‘Light As a Feather’ Levitates Above Most Teen Series in Season 2
“Light As a Feather,” Hulu’s supernatural young-adult melodrama, is firing on all cylinders in its second season. It’s Christmas break and in addition to dodging parents with pesky questions (how to explain the deaths of two friends and the disappearance of another?) and complicated relationships, the stakes have gone up significantly for our heroines, McKenna (Liana Liberato) and Alex (Brianne Tju).
McKenna has inherited the Chrysalis Curse from frenemy Violet (Haley Ramm) so she now has the malignant cocoon growing on her own back, depleting her life energy. It also causes her to have crazy visions and blackouts, which means she can’t remember that she apparently led new friends in another round of Light As a Feather, Stiff As a Board. This also means more people are bound to die. If she doesn’t see the prophecy through, she will die herself. To avoid more deaths, she and Alex reluctantly join forces with Violet to figure out how to stop the curse.
Alex also has to contend with her older sister, April (Alisa Allapach), who has come home from college for the holidays, while Alex herself awkwardly embarks on a new relationship with her college girlfriend, Peri (Adriyan Rae). April is invasive and brusque and she’s been appointed by their parents to keep tabs on Alex considering Alex just overdosed in homeroom. And McKenna, on top of the curse physically destroying her and killing her friends, has to deal with an old girlfriend coming back into Trey’s (Jordan Rodrigues) life.
One of the things that makes “Light As a Feather” stand out from other teen television shows (supernatural or not) is the complexity of its characters and their relationships with each other. Where on “Beverly Hills, 90210,” despite the fact that Valerie (Tiffani Thiessen) schemed and betrayed, because she was part of the circle, she was still always, inexplicably, welcome. Here, when Violet pleads for sympathy because of a tragedy that happened in her youth and how it shaped her, Alex says, point blank, “I’m sorry for what happened to you, but that’s not why you’re alone. Every time you get the chance, you manipulate and lie. That’s why you’re alone.” Bam! Or where the teens on “Riverdale” act like horny 30-somethings running speakeasies and taking down serial killers, the kids on “Light As a Feather” are navigating young adulthood awkwardly and haltingly, and the actors all look like they could actually be in high school, which adds to its authenticity.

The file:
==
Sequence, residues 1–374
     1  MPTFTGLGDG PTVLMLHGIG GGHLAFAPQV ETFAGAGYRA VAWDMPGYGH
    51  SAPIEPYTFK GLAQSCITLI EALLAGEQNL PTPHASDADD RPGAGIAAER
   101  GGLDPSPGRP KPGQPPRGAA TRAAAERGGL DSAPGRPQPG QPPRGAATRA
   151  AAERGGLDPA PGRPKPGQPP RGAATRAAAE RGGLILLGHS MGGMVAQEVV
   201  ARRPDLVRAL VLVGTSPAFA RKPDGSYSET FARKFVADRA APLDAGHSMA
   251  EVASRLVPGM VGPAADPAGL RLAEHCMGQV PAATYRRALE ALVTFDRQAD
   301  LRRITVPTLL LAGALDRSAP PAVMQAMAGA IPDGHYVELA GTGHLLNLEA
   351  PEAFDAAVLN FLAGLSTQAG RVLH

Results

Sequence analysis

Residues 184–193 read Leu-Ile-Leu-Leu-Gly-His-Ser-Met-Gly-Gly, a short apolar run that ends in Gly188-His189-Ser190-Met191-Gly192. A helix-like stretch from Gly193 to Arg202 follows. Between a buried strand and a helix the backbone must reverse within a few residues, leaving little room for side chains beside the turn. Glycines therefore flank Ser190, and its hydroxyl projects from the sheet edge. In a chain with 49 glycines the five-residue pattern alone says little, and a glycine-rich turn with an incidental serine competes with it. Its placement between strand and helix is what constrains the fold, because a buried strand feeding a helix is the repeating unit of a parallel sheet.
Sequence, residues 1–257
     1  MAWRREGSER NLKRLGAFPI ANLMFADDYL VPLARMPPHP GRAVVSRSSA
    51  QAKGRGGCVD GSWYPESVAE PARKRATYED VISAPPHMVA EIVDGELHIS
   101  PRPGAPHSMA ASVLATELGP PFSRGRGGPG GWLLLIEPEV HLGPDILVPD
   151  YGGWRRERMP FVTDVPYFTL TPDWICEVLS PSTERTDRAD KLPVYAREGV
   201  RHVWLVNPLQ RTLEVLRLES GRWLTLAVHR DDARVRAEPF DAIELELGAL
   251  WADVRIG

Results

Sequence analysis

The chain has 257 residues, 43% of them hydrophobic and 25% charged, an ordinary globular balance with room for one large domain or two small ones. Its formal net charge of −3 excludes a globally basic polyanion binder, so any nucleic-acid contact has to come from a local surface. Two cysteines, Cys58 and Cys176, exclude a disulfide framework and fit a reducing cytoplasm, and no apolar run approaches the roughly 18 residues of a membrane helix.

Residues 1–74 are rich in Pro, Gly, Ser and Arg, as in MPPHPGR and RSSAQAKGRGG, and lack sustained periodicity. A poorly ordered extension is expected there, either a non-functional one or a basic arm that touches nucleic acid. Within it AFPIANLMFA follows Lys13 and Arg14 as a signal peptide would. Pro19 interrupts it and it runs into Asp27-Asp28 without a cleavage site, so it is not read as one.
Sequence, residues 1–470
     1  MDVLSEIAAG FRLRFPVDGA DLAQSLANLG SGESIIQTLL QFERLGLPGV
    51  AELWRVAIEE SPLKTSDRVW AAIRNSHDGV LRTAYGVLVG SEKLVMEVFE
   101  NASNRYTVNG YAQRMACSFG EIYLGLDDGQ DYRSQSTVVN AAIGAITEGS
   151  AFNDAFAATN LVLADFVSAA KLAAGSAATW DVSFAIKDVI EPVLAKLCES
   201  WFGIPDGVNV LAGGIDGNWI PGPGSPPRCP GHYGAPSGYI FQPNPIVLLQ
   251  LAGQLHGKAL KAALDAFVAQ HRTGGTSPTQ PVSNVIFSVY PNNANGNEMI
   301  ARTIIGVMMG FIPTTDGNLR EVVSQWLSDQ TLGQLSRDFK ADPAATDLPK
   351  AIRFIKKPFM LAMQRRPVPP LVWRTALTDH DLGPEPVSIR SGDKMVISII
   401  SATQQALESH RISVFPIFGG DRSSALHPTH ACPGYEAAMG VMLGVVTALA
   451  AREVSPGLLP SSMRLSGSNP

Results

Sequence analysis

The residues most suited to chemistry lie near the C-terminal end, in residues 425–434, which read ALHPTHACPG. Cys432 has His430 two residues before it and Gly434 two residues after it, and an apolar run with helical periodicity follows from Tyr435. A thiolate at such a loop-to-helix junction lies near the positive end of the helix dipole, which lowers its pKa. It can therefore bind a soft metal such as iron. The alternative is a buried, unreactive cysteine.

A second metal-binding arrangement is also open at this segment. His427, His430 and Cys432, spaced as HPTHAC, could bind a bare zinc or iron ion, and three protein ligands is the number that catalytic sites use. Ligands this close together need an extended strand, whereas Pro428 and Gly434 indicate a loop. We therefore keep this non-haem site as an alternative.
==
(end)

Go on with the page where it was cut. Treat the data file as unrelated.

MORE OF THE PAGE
The actors also transcend the performances found on most young-adult series. Liberato carries the weight of her curse clearly on her expressive face, and Tju, while seemingly the friend, is actually the co-lead, and she earns that title. She brings depth to her performance that isn’t necessarily there on the page. The pressure on Alex and McKenna is overwhelming, and their dynamic as they traverse both horror and high school is natural despite their being cast into this tragic game.
The game, like Blumhouse’s “Truth or Dare,” is about the supernatural being channeled through a teenage game, but “Light As a Feather” is far more creative with its springboard. The suspense and the stakes feel very real. As friends die and friendships are irrevocably fractured, there’s a sense of loss for these characters, which is evocatively underscored with the show’s downbeat soundtrack by Pieter Schlosser.
This show is all about the ladies. The young men aren’t just eye and arm candy, but they’re absolutely secondary to the female leads — and that works in its favor. While there are romantic entanglements, the focus is really on the girls and their relationships with each other. It’s not just rah-rah, female empowerment or bitchy catfighting either. No relationship is simple, and that is clearly reflected in this series.
That said, this is still a soap opera with many of the genre’s tropes, like important bits of information being overheard and people stumbling across exactly what they need to create drama and propel the plot. Those aren’t necessarily bad things. They’re hallmarks of a series like this, and “Light As a Feather” employs them better than it has to — and better than most.
“Light As a Feather” season 2 begins streaming July 26 on Hulu.